Centre for Performance and Creative Exchange, 5:30-7pm, Theatre Studio, Jubilee Building
Prof. Suk-Young Kim, UCLA
This talk provides a critical analysis of the performance of blackness in the Korean pop music (K-pop) industry by examining racial relations in K-pop music videos—the most commonly used media platform to circulate this music. Race relations in the K-pop industry may not always hark back to the deeply troubled paradigms of racial tension in the United States; therefore, a transpacific and transhistoric analysis of race becomes indispensable. By working through theories of Afro-orientalism and sono-racialization, this talk proposes the concept of “racial surplus” as a way to move forward from the deterministic arguments generated by proponents of Afro-pessimism. In the end, this talk unpacks the paradox that collaborations across racial boundaries often result in the erasure of black labor while Asian bodies, in the eyes of the global white audience, are cast as disciplined bodies that can process unbridled black urban culture into a digestible, safe, consumerist commodity.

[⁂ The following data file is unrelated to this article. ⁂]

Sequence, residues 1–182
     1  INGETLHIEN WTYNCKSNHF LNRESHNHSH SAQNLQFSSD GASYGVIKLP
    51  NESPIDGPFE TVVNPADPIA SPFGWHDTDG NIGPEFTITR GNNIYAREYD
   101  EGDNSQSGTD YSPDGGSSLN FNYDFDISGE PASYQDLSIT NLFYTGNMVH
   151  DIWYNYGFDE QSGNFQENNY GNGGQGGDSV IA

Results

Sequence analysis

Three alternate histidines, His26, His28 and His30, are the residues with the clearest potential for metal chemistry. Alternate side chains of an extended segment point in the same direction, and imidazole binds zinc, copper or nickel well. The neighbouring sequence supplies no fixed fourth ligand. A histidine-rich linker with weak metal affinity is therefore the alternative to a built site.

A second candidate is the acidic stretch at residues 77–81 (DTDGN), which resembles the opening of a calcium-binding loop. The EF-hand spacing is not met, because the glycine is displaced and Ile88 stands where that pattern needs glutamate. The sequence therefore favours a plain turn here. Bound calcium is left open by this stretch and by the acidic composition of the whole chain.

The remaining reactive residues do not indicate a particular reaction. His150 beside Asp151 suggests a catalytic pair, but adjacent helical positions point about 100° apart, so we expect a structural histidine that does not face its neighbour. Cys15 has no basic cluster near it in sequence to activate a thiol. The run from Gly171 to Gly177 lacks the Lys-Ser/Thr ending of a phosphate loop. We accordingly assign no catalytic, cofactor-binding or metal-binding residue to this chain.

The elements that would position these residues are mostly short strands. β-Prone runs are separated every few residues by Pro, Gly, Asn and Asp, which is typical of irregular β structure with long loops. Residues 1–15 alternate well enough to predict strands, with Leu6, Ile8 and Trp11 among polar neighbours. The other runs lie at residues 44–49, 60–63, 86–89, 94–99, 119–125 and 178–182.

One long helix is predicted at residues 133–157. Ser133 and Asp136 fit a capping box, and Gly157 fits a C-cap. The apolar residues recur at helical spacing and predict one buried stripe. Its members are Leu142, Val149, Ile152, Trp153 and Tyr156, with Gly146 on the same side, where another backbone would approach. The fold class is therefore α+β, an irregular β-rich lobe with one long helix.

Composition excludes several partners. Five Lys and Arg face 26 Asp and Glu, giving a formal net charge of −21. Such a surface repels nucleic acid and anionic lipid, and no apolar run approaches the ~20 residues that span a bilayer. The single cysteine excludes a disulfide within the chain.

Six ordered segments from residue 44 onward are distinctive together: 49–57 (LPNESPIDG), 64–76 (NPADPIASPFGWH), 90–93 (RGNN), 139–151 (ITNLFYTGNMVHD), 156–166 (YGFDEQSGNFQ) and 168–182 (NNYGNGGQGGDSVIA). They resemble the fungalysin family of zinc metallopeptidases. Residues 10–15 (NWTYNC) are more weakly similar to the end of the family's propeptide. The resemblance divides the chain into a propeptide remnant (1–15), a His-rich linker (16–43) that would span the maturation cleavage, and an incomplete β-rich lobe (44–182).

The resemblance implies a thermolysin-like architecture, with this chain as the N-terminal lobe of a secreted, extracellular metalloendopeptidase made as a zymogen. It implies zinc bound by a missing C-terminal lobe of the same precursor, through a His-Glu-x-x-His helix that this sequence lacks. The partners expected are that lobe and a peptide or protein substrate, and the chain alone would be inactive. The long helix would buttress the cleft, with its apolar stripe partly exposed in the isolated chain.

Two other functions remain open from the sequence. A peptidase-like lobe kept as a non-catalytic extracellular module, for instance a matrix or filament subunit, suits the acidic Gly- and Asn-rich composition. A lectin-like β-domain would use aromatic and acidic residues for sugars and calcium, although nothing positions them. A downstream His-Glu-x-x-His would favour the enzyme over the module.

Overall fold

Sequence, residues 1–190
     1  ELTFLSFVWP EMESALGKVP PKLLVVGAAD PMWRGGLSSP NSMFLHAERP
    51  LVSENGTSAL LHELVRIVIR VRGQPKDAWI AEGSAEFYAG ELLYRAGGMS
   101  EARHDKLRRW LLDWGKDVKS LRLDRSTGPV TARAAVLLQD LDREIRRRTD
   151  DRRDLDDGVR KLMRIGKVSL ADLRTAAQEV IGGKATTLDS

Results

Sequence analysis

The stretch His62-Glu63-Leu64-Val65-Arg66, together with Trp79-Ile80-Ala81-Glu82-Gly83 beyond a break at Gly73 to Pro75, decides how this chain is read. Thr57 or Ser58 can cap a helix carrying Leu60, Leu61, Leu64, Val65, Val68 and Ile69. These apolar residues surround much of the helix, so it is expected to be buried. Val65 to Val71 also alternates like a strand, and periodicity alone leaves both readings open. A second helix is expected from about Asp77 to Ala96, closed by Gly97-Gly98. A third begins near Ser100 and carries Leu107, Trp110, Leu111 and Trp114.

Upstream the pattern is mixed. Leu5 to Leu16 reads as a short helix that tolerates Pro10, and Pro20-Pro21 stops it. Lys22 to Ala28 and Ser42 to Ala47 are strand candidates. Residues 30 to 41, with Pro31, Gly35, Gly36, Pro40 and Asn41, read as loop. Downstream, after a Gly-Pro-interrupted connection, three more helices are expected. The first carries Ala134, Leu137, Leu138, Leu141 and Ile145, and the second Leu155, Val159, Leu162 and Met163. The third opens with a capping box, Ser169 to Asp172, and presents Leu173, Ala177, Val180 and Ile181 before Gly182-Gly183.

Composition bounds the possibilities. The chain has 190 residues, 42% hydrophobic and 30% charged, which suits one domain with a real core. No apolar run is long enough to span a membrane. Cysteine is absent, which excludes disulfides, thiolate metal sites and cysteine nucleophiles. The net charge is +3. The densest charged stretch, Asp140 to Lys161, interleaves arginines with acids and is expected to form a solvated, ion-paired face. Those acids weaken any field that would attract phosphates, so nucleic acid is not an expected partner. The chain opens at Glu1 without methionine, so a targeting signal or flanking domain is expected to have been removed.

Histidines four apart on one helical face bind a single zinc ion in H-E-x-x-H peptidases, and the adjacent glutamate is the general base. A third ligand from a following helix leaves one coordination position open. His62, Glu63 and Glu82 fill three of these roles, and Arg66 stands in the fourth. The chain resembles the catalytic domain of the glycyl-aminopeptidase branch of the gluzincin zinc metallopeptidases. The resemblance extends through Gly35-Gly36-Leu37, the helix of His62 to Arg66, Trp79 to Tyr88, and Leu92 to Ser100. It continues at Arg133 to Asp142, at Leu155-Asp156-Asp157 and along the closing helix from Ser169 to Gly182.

Suk-Young Kim is Professor of Theater at UCLA where she also directs Center for Performance Studies. Her publications have appeared in English, German, Korean, Polish, and Russian while her research has been acknowledged by the International Federation for Theatre Research’s New Scholar's Prize (2004), the Library of Congress Kluge Fellowship (2006-7), James Palais Book Prize and ATHE Outstanding Book Award among others. She is the author of Illusive Utopia: Theater, Film, and Everyday Performance in North Korea (University of Michigan Press, 2010), DMZ Crossing: Performing Emotional Citizenship Along the Korean Border (Columbia University Press, 2014), and K-Pop Live: Fans, Idols, and Multimedia Performance (Stanford University Press, 2018). With Kim Yong, she also co-authored Long Road Home: Testimony of a North Korean Labor Camp Survivor (Columbia University Press, 2009). Her current book-length projects include Korean Language Theater in Kazakhstan and Russian Theatrical Costumes and the Vestige of Empire.